In order for artisanal and small-scale gold mining to play an active role within the formal economy in Burkina Faso, mining operations must operate within the legal framework of the state. As part of the execution of the Global Environment Facility-supported planetGOLD Burkina Faso project, the national policy and legal framework supporting the artisanal and small-scale gold mining (ASGM) sector was analysed. This comprehensive analysis by the project team highlighted some key areas for potential policy revision and potential for improved application, which led to the development of a series of policy recommendations and workshops about these matters.
Prior to providing governmental and non-governmental stakeholders with the series of recommendations, the in-depth analysis of the current legislation was conducted by the project’s Policy Analyst, Sadraki Yabre. The analysis took stock of the numerous regulatory provisions governing the ASGM sector which faces a main challenge of being unable to enforce most of the provisions currently in place. In addition to highlighting the difficulty of enforceability, the analysis highlighted the inadequacy of certain regulatory provisions in relation to the actual realities of the sector.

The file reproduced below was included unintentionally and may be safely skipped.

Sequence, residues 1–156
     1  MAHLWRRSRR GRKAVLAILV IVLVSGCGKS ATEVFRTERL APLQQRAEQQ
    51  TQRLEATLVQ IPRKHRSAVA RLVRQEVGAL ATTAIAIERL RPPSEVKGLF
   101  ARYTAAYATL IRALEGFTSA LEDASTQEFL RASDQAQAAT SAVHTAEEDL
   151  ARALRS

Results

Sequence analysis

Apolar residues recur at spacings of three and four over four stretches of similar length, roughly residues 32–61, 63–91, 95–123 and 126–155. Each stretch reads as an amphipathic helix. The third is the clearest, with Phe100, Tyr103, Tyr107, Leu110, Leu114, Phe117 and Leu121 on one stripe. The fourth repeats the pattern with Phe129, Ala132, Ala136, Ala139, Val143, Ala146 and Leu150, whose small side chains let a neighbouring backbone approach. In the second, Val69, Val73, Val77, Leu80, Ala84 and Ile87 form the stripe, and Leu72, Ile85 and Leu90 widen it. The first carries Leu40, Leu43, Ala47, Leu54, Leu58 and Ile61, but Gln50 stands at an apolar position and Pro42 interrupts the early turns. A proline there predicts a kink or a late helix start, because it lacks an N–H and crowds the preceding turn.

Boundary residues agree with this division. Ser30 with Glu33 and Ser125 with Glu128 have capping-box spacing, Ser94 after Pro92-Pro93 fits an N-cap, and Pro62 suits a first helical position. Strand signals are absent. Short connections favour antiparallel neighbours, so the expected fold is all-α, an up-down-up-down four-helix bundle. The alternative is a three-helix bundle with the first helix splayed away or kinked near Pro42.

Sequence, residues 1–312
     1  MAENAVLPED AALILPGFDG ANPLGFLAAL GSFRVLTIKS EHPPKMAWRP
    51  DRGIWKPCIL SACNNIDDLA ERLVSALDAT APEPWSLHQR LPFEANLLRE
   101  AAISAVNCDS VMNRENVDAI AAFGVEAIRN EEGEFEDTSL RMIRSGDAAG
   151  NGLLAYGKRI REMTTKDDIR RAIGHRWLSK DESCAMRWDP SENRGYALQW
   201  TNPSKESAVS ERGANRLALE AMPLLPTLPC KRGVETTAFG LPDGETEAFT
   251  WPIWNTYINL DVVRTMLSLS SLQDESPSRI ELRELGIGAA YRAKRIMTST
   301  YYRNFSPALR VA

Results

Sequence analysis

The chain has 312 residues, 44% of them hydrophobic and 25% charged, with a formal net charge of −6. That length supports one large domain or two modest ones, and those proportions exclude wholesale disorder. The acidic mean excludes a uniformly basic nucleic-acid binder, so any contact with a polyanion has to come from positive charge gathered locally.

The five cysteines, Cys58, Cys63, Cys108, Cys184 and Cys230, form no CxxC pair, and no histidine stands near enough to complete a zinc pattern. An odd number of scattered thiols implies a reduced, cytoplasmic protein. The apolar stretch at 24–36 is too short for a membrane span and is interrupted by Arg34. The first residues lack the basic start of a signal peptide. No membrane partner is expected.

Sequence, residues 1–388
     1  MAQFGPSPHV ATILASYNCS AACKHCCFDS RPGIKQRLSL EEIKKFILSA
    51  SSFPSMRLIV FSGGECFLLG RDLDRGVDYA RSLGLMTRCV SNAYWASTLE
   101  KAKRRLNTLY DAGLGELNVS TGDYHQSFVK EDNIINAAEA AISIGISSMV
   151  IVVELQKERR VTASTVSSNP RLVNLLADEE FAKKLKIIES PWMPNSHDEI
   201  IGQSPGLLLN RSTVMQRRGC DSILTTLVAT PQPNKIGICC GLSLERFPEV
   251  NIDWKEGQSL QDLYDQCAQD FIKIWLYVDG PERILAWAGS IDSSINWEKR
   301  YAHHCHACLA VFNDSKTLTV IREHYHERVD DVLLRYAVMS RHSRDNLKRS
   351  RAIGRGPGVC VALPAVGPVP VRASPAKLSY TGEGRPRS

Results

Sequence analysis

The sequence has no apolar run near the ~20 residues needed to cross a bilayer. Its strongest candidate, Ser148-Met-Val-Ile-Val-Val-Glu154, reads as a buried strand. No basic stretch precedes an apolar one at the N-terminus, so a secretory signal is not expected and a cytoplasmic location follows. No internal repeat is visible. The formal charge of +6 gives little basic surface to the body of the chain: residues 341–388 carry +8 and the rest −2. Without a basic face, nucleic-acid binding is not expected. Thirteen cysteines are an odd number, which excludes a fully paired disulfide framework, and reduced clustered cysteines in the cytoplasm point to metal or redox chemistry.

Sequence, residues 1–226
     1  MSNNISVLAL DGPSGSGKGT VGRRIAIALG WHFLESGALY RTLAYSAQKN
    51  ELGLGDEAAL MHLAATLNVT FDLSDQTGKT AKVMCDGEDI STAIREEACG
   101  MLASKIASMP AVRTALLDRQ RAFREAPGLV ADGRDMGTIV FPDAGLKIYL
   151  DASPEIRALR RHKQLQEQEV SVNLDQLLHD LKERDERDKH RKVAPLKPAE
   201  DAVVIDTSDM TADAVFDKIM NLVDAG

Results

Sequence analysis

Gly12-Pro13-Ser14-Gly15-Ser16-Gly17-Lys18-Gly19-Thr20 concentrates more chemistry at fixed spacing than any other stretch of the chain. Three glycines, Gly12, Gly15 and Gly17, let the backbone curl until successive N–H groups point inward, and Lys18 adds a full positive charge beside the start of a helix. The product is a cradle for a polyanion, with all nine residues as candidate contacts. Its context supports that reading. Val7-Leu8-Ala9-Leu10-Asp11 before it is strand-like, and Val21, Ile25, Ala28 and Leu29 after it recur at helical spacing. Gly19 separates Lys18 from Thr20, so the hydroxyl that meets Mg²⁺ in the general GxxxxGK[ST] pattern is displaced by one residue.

For example, the ban on the use of explosives within the ASGM sector is problematic because it leaves artisanal miners with very few legal resources when faced with opening up or expanding a pit for hard rock mining. Miners are therefore often forced to make the difficult decision to use illicit explosives in order to continue mining operations needed to provide themselves and their miner groups with at least semi-adequate livelihood opportunities.
Within Burkinabe government structures themselves, there is also a noted lack of synergistic collaboration between agencies involved in the ASGM sector. According to government officials interviewed by the project, this situation is said to be due to cases of overlapping prerogatives and misunderstandings of each other's roles. Furthermore, the analysis revealed some of the key reasons for the high level of informality in Burkina Faso’s ASGM sector.
Notably, there are knowledge gaps amongst stakeholders tasked with implementing related regulatory provisions governing the sector and an unfamiliarity with the advantages that a formalized ASGM sector could potentially offer. As part of the planetGOLD Burkina Faso project’s efforts to assist in the formalization of the sector, three documents were developed and shared amongst government stakeholders to close these knowledge gaps:
- An analysis of the shortcomings of the legislative and regulatory provisions governing the ASGM sector in Burkina Faso
- Guidelines on best practices for the implementation of the proposed policy recommendations
- An analysis of the institutional capacity to implement the proposed policy recommendations